Holding her laptop, journal and pen, and paper calendar, Janice (not her real name) stopped long enough to field a question from one of her teammates. With an eye on the clock and her body positioned to get away to her next meeting quickly, Janice looked frazzled. Her endless meetings and a list of ideas and to-dos swirling in her head not only distracted her but were overwhelming her.

To be productive at work takes as much effort as doing the work. Janice, like so many other employees, struggles to find moments of time to make meaningful progress in her assignments. In one study, 57 percent of employees and managers struggled to manage information, schedules, and expectations. This does not optimize companies and its people for high levels of success or progress. What's worse, overwhelmed employees are more likely to burnout.

While an organizational culture shift is a key to solving the growing problem of overwhelmed and underperforming employees, you can take action today. To be more productive in 2018, you can leverage the following tips. The tips are categorized by productivity hacks and activities that help you develop a disciplined approach to getting work done.

Always Maintain a Wellness Focus

Getting things done does not rely only on productivity habits like list making and planning. If you are not taking care of your mind and body, overcoming feeling overwhelmed will help you underperform.

Instead, develop a few habits that help you recharge throughout the day. Here are a few high-value suggestions:

  • Get Plenty of Sleep: Arianna Huffington advocates that "the myth of burning out is the necessary price for accomplishment and success" is dangerous. In Huffington's press kit for her recent book, The Sleep Revolution, she cites research from the Great British Sleep Survey that shows "sleep-deprived people are seven times more likely to experience helplessness and five times more likely to feel lonely."
  • Meditate During the Day: Apps like Headspace or 10% Happier can be used for quick meditation sessions that can last two minutes, five minutes, or longer. Meditation helps you recharge and come back to work with higher levels of energy.

Constantly Create and Seek Clarity

Reduce confusion or indecision over what to work on by ruthlessly creating clarity. I define clarity as knowing what the company's top priorities are, what that means for your team, and for you. It also includes understanding and setting the goals, clarifying expectations, and building short feedback-loops on performance throughout the month.

Minimize the cognitive distractions from not knowing what is most important. Additionally, manage frustrations that come from different understandings about priorities, goals, and expectations by continually revisiting them. You can do this for yourself and your team.

Develop and Follow Daily Rituals

Productivity masters like Tim Ferris and Michael Hyatt believe daily rituals are crucial to progress and success. Rituals are made up of daily activities that keep you focused on what matters most. They help you maintain a laser-sharp focus on the activities that will help you accomplish your goals. Without daily rituals, you can be more susceptible to distractions. Here are four ritual categories I build into each day. I included some sample tasks, too.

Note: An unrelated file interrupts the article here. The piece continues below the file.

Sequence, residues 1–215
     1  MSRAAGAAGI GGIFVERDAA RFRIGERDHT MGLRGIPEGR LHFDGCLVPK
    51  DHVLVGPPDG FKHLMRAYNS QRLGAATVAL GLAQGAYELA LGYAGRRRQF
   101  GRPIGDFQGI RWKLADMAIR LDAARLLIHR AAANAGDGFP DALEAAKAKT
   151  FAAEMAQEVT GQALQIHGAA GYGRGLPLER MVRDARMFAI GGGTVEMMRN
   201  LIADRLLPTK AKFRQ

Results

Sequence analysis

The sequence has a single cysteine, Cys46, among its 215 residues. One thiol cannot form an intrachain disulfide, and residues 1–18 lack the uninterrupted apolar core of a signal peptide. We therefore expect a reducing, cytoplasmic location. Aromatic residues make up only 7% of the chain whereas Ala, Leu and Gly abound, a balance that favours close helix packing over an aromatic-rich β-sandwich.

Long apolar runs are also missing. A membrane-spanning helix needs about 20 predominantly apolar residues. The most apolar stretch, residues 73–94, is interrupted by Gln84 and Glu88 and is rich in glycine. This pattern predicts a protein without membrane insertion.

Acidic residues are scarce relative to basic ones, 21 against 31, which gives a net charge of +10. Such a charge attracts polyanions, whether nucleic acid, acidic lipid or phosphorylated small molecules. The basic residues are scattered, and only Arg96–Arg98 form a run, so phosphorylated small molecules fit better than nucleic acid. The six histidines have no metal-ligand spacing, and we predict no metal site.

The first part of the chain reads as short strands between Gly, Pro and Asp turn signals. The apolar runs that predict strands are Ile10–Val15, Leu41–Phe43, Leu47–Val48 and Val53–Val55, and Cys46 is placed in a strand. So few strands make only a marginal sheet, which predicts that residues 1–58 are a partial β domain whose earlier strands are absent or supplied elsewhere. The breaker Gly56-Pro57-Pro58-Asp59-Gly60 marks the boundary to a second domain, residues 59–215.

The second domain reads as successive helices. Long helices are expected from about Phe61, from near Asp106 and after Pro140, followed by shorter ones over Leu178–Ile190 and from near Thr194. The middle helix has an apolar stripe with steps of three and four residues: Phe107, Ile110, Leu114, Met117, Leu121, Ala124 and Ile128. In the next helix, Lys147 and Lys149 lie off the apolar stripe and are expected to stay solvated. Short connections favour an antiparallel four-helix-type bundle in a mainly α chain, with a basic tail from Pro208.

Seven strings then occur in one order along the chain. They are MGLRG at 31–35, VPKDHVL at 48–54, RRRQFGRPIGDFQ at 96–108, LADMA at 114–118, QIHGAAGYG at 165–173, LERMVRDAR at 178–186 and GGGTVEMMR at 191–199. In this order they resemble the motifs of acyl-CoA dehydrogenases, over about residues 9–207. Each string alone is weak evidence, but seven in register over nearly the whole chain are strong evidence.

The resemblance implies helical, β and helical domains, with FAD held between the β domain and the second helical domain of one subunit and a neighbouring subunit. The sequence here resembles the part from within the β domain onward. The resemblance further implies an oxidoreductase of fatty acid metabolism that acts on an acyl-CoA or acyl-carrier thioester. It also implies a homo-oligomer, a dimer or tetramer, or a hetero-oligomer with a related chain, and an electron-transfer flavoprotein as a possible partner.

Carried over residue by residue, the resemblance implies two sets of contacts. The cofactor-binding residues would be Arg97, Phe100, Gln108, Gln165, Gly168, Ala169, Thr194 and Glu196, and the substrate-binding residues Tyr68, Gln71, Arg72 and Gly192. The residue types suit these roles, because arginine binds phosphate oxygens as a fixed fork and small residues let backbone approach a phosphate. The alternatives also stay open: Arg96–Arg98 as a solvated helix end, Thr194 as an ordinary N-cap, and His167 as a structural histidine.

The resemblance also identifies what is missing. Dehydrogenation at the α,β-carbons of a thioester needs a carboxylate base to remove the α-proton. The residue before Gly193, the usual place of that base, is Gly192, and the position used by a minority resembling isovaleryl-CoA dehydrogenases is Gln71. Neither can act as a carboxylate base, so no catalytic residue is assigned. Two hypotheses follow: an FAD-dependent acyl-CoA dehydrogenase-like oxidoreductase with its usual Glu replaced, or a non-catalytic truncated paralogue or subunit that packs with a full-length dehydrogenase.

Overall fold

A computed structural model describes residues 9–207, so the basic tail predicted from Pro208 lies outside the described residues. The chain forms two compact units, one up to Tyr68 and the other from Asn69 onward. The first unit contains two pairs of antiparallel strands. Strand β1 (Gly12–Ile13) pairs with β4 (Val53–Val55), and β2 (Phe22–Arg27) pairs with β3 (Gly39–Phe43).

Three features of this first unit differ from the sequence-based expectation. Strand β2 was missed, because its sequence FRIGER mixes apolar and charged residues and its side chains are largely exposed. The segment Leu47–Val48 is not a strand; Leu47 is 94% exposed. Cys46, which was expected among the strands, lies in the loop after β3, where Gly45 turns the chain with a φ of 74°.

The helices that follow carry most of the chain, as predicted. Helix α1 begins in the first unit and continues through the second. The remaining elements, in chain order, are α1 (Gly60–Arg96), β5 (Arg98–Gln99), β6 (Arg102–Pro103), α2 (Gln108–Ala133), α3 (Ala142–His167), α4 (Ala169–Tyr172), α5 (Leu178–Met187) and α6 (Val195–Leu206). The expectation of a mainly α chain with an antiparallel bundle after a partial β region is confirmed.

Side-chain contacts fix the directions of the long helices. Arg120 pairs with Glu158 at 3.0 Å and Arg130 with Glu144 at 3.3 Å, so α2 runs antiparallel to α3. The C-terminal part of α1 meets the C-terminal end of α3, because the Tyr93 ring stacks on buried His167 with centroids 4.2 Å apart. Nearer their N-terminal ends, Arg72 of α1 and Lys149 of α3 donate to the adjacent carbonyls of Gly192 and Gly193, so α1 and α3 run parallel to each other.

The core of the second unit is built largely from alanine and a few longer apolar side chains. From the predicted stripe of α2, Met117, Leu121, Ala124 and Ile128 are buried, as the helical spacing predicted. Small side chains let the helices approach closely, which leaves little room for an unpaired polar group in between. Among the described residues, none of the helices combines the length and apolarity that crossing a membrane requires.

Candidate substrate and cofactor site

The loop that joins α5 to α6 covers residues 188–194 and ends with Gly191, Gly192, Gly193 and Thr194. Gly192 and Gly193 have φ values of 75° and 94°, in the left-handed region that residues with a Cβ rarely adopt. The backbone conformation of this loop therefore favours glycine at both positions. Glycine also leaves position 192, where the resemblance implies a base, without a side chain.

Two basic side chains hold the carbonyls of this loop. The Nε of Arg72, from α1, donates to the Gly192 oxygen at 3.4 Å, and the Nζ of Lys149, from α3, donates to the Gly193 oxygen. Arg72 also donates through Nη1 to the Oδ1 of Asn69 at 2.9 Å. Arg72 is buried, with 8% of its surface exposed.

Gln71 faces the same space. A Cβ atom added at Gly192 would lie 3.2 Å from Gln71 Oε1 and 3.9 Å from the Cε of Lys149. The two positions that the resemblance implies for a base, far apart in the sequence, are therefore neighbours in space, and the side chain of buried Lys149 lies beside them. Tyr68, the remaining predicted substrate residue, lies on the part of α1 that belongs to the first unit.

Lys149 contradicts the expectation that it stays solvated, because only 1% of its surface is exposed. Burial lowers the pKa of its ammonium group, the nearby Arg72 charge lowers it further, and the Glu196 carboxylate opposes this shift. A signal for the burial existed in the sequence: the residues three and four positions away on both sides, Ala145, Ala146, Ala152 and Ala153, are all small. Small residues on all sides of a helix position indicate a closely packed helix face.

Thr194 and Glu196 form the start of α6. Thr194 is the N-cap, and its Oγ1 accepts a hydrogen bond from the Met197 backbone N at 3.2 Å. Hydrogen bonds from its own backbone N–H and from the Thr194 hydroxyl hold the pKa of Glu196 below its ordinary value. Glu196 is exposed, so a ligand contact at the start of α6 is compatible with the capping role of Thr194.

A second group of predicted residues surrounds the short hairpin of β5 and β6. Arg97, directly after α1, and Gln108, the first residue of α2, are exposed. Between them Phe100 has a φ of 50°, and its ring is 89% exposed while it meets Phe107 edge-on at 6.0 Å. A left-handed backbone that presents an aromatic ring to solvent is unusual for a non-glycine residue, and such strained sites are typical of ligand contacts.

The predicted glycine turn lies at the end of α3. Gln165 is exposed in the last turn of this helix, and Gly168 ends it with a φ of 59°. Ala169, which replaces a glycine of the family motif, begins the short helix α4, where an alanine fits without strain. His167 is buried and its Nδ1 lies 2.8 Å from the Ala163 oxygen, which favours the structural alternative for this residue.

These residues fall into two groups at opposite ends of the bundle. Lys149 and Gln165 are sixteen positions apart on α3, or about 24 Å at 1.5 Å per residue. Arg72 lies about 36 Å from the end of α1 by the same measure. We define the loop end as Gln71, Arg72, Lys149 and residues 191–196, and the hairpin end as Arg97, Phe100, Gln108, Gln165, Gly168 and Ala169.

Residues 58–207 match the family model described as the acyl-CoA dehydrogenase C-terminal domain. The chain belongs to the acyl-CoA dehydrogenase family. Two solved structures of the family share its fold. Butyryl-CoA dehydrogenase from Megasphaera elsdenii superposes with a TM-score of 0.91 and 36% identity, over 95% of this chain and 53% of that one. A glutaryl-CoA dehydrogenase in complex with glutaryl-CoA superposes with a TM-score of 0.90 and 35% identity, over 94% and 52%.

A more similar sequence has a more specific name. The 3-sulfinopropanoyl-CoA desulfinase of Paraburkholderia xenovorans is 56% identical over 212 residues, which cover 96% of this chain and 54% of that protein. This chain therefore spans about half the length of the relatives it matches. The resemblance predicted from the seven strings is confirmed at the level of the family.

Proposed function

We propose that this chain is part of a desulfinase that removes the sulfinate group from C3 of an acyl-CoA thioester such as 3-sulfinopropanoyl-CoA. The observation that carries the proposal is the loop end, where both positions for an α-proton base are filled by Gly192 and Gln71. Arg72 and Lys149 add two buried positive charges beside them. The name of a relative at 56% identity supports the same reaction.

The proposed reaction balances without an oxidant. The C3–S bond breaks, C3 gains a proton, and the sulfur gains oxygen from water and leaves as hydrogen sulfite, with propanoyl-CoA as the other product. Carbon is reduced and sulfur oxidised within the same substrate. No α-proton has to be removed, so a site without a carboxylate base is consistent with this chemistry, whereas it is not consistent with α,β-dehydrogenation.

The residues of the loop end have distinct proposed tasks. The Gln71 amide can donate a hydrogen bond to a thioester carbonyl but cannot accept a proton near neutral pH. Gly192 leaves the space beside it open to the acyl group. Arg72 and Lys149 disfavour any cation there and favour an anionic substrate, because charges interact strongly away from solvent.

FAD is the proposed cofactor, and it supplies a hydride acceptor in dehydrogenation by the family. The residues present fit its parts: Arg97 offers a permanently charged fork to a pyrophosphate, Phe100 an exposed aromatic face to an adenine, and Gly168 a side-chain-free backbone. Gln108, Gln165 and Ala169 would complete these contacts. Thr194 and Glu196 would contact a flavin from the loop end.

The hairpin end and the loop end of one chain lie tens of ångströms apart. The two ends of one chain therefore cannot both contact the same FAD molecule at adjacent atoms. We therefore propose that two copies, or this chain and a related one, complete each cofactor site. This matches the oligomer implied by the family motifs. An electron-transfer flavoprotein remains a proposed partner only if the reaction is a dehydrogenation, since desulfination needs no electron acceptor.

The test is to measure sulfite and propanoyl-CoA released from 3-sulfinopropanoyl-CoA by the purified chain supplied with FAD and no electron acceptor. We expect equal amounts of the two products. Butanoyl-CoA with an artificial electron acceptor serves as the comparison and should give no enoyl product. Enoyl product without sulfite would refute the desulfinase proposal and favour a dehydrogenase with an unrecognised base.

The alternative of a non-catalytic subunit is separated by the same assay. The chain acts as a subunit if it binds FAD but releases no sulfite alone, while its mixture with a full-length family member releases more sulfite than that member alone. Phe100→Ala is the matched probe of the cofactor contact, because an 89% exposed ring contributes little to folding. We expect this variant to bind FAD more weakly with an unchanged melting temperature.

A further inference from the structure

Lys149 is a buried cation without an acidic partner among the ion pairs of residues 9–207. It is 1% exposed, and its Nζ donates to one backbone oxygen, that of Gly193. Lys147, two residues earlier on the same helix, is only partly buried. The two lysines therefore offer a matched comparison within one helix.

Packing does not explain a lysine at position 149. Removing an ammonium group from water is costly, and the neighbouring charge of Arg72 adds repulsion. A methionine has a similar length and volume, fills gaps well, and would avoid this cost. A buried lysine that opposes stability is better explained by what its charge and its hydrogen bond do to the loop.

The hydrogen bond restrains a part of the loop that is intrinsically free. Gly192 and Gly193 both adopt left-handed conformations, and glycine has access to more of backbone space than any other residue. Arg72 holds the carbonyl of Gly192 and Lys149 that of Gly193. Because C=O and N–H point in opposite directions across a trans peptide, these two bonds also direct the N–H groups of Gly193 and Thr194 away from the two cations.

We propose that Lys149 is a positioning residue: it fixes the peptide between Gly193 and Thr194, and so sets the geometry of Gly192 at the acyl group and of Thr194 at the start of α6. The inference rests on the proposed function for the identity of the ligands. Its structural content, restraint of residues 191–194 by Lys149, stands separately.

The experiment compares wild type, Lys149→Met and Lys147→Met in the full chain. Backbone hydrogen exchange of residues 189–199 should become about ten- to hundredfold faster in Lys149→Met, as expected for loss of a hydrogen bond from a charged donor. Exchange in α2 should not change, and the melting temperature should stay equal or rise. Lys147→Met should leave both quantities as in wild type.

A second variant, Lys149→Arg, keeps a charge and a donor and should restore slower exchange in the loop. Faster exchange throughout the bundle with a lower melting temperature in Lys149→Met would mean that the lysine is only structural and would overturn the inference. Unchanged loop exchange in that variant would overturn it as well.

• Morning Ritual: This is my "me time." I meditate for 20 minutes. I journal for 10 minutes, reflecting on ideas and listing people and things for which I'm grateful.
  • Work Start Ritual: This ritual positions me to make smart choices for the day. It includes writing down my top three priorities for the day, reviewing my calendar, reading (again) my master goal and the reason it is important to me. I also spend time updating my progress on personal and professional goals.
  • Work End Ritual: End the day the same way every time. Work end rituals are intended to prepare you for the next day and to reduce surprises. My ritual for the end of the day includes re-reading my master goal and reasons for achieving it. I also plan the next day.
  • Nightly Ritual: I start the day focusing on me, and I end the day the same way. I write down, again, three things for which I'm grateful. I take my nightly medicine. I read a fiction book to help me unwind before going to bed.

Plan for All Roles in Your Life

Plan for and integrate into your week and month activities and tasks in the various roles in your life. Wharton professor Stewart Friedman identifies three skill categories in his book, Leading the Life You Want, that help you integrate work and the rest of life into a fulfilling one.

  • Skills for Being Real: Friedman defines being real as "to act with authenticity by clarifying what's important to you."
  • Skills for Being Whole: These are skills that support acting with integrity.
  • Skills for Being Innovative: These are skills to help you "act with creativity and courage in continually experimenting with how things get done."

Friedman's book is based on his massively popular course that the Wharton School of the University of Pennsylvania. I strongly encourage you to pick up Leading the Life You Want to see the full set of skills for each of the three categories listed above.

Feeling productive is essential to maintaining progress and a positive perception of the value you bring to the company and your team. It is always timely to simplify the way you work, get more done, and experience greater fulfillment in your life.